Former King Philip Teacher Bequeaths Large Gift to Food Pantry
On June 28, Bob Perry’s donation was acknowledged at a check presentation ceremony at the Hebron Food Pantry. On hand to present the check to Heather Porreca were Perry’s friends, all retired KPHS colleagues. From left, Richard Ahern, KP English teacher, Dave Webb, KP math teacher, Bill Lepere, KP math teacher, and Robert Houde, KP English teacher.
By Grace Allen
In late June, the Hebron Food Pantry in Attleboro received a gift totaling almost $70,000, thanks to the generosity of a former King Philip High School teacher. Robert “Bob” Perry passed away on November 13, 2021, at the age of 84, but he will always be remembered for the impact his gift will have on area residents struggling with food insecurity.
According to Heather Porreca, president of the food pantry’s board of directors, Hebron buys most of the food it distributes from the Greater Boston Food Bank. Every dollar translates into $20 of buying power.
That means Perry’s gift will equal about $1.3 million dollars’ worth of foodPorreca says she was in shock when she found out.
“The executor of his estate called me out of the blue, and asked if I was sitting down,” Porreca related. “I’m thinking the donation would be $1,000 or maybe $2,500. But instead, she told me the total amount was $69,852.53. It’s literally unreal.”
As a donation and grant-based organization, the food pantry has always scrambled for funding, said Porreca.
“Now we will be able to buy more diverse food for our client base, at an enormous discount through the Greater Boston Food Bank,” she said. “We will be able to use this money for years to come.”
Nancy Sherren, the executor of Perry’s will and a long-time friend, said Bob was an Attleboro resident who wanted a percentage of his estate to go to an Attleboro charity.
“He was a good, decent person,” said Sherren. “He didn’t have an expensive lifestyle but was always very generous with what he did have. He contributed to many charities throughout his life, which I discovered after he passed and I had to go through his mail. Bob never wanted a lot of attention, but people should know how generous he was.”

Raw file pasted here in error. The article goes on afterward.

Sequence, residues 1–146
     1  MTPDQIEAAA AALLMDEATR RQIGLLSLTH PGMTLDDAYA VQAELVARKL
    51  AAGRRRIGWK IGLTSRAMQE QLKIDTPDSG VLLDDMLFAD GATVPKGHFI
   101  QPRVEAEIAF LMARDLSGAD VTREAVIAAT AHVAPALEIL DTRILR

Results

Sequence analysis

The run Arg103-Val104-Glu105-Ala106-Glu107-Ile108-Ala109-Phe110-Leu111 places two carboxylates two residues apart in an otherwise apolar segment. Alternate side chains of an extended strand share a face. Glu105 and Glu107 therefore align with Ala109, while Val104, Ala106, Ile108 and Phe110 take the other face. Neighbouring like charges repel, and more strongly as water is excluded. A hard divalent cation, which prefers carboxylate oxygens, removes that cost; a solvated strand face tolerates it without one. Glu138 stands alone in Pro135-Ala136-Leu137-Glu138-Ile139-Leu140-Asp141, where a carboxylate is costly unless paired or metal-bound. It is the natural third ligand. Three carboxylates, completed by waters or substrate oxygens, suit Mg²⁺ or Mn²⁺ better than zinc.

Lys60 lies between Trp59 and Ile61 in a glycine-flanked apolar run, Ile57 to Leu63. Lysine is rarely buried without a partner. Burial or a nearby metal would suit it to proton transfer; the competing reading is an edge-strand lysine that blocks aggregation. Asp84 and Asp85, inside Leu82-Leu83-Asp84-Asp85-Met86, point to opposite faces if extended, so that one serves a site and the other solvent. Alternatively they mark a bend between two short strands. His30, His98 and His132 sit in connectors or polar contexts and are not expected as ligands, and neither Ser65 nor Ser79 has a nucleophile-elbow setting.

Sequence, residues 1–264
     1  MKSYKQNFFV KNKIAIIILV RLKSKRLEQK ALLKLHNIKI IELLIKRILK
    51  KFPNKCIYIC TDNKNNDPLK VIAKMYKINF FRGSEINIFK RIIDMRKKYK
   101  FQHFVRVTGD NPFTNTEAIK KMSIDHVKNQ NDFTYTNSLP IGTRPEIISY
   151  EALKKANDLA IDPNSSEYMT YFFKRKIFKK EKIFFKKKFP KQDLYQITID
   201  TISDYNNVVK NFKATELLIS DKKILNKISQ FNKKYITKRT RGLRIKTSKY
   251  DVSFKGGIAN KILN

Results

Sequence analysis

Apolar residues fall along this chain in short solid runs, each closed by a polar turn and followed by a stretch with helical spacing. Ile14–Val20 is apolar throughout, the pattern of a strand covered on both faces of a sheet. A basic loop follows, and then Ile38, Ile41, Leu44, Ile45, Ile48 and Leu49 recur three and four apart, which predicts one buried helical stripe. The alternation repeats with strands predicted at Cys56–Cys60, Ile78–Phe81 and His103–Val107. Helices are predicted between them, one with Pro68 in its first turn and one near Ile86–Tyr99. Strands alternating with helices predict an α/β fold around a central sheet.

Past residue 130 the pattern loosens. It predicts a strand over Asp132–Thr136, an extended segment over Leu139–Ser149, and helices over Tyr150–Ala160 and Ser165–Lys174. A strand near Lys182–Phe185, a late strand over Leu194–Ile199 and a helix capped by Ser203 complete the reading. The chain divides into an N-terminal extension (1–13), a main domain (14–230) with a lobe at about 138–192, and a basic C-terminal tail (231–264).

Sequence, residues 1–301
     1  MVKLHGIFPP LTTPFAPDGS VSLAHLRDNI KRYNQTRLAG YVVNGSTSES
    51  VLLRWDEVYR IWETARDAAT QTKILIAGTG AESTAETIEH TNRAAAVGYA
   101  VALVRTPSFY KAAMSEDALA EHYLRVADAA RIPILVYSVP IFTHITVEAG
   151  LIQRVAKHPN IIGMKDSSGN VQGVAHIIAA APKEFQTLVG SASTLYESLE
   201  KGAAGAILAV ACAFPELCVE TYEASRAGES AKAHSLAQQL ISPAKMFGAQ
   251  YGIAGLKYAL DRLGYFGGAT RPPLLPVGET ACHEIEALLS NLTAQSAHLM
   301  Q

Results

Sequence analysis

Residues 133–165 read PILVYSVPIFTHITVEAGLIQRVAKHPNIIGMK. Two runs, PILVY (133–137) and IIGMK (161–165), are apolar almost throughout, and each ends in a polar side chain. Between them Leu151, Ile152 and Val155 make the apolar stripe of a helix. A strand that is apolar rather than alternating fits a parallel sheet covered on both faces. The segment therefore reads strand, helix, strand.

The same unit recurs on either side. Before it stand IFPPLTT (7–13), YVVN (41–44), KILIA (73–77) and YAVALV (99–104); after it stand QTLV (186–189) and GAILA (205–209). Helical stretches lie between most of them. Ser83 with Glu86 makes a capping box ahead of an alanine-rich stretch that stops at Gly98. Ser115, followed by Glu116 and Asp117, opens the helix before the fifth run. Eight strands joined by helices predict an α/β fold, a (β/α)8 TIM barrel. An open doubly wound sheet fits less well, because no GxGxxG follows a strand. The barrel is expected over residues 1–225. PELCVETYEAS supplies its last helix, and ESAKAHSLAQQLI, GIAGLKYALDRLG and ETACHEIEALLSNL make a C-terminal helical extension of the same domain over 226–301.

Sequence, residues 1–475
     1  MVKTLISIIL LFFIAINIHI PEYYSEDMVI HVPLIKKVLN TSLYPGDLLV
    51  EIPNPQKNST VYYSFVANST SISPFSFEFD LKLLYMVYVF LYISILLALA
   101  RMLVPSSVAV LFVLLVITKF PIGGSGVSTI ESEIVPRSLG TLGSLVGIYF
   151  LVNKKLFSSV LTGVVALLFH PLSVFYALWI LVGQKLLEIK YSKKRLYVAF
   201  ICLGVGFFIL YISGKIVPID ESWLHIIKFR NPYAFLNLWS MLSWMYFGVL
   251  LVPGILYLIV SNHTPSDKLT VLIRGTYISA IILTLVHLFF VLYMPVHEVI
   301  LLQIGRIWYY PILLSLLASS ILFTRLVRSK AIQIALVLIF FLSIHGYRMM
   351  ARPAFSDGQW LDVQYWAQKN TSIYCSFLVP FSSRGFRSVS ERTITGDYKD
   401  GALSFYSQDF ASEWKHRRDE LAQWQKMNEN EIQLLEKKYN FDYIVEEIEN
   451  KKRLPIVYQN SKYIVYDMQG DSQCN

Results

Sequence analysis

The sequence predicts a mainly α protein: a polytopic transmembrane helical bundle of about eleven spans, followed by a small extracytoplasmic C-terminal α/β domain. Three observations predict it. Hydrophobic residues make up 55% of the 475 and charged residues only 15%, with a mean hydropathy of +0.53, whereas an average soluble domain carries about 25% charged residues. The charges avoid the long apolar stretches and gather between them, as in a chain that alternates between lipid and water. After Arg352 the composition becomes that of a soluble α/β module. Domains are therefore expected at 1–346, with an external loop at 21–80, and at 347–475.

Sherren said Bob was also a good friend to many people, and a good son to his mother, often taking her on trips to Vermont. Perry enjoyed golf and played in several leagues. He was a 1955 graduate of North Attleboro High School and liked going to all of the King Philip and North Attleboro football games.
He also excelled at cards, participating in several poker tournaments.
“Bob was very good at Texas Hold ‘Em because he was very mathematical and good with numbers,” said Sherren.
Perry taught math at King Philip High School for 32 years and stayed connected to the school even after he left. He was part of a group of retired KP teachers who kept in touch with each other socially and to support the next crop of teachers at the school. His generosity did not surprise Scott Kramer, a current mathematics teacher at the high school who was hired after Perry retired.
“He would always come to events like Christmas parties or retirement parties,” said Kramer. “He was the nicest man, always super professional and polite. He made everyone feel welcome when they joined the staff, or any time we had a social event. I bet he did give to many charities, probably with no one knowing about it.”
Neva Lazzara teaches AP Calculus at KP High School. Bob Perry, she said, was her instructor when she attended KPHS and the reason she went into teaching herself.
“He had such a clear, detailed, organized approach to teaching, and a positive, fun love of the subject that led to the success of his students,” said Lazzara. “Calculus became my favorite subject, and if it wasn’t for him, I would never been a mathematics major in college nor a teacher. And now, full circle, I am teaching calculus at King Philip.”
As executor, Sherren was tasked with going through Perry’s possessions after he passed away. Among the items, she found Bob’s high school letterman’s sweater. She plans to donate it to North Attleboro High School, in the hope of inspiring and reminding students that their actions, no matter how big or small, can make an impact on the world.
“He made a difference,” she reflected.
The Hebron Food Pantry is located at 11 Sanford St., Attleboro, in the lower level of the Centenary United Methodist Church. It serves about 1,300 people each week, from the towns of Attleboro, N. Attleboro, Mansfield, Norton, Plainville, Rehoboth, and Seekonk.